Eventually, a broad consensus developed – with the increased use of pharmaceutical treatment for both acute and chronic conditions, the absence of drug coverage from Medicare represented a significant shortcoming in the program. The result was the establishment of Medicare Part D as part of the MMA. Those who objected to the creation of Part D did so largely on the grounds of cost to taxpayers in an era of high government spending, or the policy architecture of the program, rather than on the merits of drug coverage as such.

Part D was designed such that private plans would offer drug coverage to Medicare beneficiaries subject to minimum benefit requirements while still allowing substantial flexibility in terms of cost-sharing structure and the ability to offer enhanced features.  Plan sponsors would submit bids to CMS each year based on their expected costs for providing the benefit, and then a national average of submitted bids would be used to determine the amount of the government subsidy – a set percentage of the national average bid – as well as the monthly premium paid by beneficiaries. Beneficiaries were offered a choice among plans, which allowed plans to compete for enrollment based on benefit offerings and premiums.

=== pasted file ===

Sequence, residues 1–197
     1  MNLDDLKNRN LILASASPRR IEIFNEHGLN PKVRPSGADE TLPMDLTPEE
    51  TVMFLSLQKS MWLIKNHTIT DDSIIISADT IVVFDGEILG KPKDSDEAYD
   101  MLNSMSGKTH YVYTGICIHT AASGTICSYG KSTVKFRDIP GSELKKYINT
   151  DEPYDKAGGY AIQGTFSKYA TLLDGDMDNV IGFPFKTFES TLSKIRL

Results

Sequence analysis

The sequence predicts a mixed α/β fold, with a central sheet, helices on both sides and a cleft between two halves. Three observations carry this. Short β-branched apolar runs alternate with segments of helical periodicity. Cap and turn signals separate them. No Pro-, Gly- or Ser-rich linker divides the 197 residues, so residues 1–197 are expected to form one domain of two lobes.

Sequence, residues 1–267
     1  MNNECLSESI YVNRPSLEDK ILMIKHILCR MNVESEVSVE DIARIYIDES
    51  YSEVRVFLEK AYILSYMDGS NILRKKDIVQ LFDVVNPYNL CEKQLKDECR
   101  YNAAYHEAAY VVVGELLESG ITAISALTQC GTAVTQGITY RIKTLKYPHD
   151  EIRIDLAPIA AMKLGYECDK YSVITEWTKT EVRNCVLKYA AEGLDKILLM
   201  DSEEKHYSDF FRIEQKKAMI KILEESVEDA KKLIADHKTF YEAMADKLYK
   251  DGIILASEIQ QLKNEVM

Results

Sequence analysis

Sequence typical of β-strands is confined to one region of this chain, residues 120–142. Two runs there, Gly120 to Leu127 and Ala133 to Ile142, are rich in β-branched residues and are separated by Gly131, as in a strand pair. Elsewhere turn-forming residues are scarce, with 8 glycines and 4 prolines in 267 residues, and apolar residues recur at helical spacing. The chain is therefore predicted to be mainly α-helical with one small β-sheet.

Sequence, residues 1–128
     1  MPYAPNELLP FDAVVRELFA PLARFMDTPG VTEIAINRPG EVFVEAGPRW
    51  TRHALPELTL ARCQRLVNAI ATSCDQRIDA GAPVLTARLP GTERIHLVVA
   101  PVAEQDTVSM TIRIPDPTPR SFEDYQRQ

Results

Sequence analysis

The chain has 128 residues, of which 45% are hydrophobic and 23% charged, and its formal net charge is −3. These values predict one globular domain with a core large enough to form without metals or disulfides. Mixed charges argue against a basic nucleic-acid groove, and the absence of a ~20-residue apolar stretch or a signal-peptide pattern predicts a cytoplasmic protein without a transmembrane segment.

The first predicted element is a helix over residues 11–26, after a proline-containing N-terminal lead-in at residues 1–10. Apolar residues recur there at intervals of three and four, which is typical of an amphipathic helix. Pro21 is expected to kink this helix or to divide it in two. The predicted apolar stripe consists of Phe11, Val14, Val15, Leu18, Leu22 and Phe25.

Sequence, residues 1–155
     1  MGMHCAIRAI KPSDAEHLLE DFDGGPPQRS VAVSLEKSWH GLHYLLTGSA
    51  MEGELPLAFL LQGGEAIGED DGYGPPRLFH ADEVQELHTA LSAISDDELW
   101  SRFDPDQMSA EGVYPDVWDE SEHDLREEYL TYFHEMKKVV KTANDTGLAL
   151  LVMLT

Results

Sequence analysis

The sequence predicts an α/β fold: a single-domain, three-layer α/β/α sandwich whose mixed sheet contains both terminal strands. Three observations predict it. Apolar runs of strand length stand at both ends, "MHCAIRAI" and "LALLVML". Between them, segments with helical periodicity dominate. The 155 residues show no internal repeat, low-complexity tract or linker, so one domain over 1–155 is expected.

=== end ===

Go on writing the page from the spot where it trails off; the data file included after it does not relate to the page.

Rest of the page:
Nothing quite like this had been tried in any federal program before, so there was understandably some concern as to whether it would work at all. Because the subsidy amount would be determined by bids, subsidy expenditures were not known with certainty at the time of enactment. In addition, there was no guarantee that private sector companies would step forward to offer plans, let alone that enough would do so to generate competition in all regions of the country. Furthermore, there was no guarantee that enough beneficiaries would enroll to make the program viable, especially given that some beneficiaries were enrolled in other sources of coverage, and others had low enough drug needs to feel comfortable going without coverage.